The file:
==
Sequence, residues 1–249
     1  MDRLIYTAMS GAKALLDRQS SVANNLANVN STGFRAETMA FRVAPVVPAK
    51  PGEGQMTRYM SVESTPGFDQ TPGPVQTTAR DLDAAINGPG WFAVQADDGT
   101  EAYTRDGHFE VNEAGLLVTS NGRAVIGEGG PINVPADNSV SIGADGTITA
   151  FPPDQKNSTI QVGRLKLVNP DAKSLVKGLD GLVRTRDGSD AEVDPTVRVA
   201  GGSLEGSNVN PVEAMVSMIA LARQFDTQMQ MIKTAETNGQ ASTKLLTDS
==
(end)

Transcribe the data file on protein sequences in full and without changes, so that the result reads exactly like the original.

Sequence, residues 1–249
     1  MDRLIYTAMS GAKALLDRQS SVANNLANVN STGFRAETMA FRVAPVVPAK
    51  PGEGQMTRYM SVESTPGFDQ TPGPVQTTAR DLDAAINGPG WFAVQADDGT
   101  EAYTRDGHFE VNEAGLLVTS NGRAVIGEGG PINVPADNSV SIGADGTITA
   151  FPPDQKNSTI QVGRLKLVNP DAKSLVKGLD GLVRTRDGSD AEVDPTVRVA
   201  GGSLEGSNVN PVEAMVSMIA LARQFDTQMQ MIKTAETNGQ ASTKLLTDS